With this year’s wine grape harvest set to be as much as 50% below normal, industry advocacy group Wine Growers BC is toasting recent measures by the province to support hard-hit wine producers.
WGBC says the “well-documented ‘crop failure’” the industry is suffering this year as a result of an extreme cold snap last December and wildfire smoke this summer means the BC Liquor and Cannabis Regulation Branch will exempt wineries on a case-by-case basis from the requirement to produce 4,500 litres of wine a year.
Crop failure and events beyond the control of applicants are among the reasons why wineries may be exempted from the requirement, according to the province’s Liquor Control and Licensing Regulation.
In addition, the BC Liquor Distribution Branch will consider exempting land-based wineries – again, on a case-by-case basis – from the requirement to source at least a quarter of their fruit from owned or leased land.
“[It] may require evidence that your owned or leased crops have sustained damage that prevent your winery from meeting the 25% criterion,” WGBC states, noting that some wineries may need to apply for exemptions over several years until fruit production recovers.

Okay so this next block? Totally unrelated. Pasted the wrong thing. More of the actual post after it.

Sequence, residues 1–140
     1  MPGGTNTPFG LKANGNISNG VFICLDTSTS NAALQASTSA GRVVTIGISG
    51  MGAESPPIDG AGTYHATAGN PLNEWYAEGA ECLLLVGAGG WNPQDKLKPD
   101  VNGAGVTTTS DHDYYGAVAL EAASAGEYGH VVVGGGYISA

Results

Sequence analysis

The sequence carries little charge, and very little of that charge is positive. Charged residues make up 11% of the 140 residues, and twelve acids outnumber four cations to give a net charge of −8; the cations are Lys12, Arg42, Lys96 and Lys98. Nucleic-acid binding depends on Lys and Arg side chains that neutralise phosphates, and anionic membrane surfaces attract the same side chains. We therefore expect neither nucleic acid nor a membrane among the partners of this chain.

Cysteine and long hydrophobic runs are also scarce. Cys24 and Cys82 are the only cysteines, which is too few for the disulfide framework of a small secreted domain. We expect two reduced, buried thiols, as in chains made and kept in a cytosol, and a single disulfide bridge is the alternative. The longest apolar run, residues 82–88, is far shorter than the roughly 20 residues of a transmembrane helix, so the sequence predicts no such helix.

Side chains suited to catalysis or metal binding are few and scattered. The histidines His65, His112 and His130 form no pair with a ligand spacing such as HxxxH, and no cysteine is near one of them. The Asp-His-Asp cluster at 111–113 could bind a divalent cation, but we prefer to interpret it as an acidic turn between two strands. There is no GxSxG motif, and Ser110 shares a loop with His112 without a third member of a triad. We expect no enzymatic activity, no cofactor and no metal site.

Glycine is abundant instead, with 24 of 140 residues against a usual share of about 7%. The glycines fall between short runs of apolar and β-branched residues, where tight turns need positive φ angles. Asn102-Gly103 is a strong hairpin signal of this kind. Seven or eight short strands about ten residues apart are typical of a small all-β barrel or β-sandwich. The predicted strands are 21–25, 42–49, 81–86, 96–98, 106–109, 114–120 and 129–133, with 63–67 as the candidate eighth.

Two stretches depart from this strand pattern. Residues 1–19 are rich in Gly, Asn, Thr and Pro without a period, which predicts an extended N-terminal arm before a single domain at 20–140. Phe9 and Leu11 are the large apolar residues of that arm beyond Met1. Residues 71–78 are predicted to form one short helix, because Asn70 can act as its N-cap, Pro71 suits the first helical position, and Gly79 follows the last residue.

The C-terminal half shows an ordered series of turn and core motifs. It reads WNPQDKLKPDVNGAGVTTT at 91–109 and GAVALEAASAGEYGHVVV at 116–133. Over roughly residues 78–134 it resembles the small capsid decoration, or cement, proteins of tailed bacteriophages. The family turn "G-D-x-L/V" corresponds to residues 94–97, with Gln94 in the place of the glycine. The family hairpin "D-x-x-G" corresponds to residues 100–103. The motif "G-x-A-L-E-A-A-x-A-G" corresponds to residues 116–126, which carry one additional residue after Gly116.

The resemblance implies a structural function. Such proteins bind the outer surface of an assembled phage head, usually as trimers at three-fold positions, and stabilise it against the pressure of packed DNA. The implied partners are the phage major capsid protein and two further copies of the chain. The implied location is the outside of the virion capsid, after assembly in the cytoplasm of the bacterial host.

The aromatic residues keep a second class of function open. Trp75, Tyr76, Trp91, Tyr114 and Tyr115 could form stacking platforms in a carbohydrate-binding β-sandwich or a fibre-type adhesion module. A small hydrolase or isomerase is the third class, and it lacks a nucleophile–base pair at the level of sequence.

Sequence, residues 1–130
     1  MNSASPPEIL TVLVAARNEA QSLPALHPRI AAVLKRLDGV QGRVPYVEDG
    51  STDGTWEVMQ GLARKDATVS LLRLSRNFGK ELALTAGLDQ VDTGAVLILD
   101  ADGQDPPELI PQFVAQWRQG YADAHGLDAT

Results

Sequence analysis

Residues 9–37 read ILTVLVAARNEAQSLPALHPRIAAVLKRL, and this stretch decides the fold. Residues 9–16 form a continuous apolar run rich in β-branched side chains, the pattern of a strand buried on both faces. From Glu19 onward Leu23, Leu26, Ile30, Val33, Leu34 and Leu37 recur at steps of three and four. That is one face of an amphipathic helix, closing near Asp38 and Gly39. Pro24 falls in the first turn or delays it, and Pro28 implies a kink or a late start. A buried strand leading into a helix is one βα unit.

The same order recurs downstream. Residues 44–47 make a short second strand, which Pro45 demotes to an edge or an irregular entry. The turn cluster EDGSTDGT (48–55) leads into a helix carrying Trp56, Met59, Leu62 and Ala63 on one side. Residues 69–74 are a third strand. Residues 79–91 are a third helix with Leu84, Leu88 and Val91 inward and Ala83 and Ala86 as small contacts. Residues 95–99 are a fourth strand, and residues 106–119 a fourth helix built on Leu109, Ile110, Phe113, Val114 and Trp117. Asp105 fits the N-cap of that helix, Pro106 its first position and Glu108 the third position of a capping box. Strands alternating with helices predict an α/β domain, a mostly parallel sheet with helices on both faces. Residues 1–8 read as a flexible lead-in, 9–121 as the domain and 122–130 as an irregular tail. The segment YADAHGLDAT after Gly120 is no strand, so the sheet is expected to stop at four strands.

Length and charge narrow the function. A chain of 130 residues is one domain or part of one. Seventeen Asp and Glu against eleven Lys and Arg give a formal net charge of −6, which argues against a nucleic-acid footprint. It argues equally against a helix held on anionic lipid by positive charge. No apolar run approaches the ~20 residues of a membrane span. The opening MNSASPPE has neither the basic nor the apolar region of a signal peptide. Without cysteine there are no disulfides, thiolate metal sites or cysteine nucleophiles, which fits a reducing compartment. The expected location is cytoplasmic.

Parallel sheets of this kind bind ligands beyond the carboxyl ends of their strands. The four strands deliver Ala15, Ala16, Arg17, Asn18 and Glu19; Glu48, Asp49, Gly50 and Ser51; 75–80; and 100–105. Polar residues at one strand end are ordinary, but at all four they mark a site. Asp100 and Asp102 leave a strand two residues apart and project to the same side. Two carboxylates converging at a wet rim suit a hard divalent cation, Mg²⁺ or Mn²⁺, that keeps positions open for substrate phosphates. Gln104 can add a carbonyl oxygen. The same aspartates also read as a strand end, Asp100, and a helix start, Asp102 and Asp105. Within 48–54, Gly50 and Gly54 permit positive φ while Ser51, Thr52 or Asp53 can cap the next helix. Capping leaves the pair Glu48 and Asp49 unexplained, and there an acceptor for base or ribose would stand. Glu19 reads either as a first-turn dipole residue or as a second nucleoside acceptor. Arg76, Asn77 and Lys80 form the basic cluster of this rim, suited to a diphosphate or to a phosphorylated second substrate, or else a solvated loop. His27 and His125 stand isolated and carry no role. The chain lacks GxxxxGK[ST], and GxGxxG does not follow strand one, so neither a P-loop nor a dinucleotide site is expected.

While many producers are hoping for an AgriRecovery package to help the sector rebuild, government has so far been silent.
Nevertheless, WGBC expressed thanks to provincial officials for their assistance in the face of what it describes as “several unprecedented challenges” to the sector’s existence.
“We look forward to continued cooperation as the combination of climate change-related freezing, wildfires and disease pressure has severely impacted the short and long-term crop and placed many wineries and growers in financial stress and an uncertain future,” WGBC said in a statement.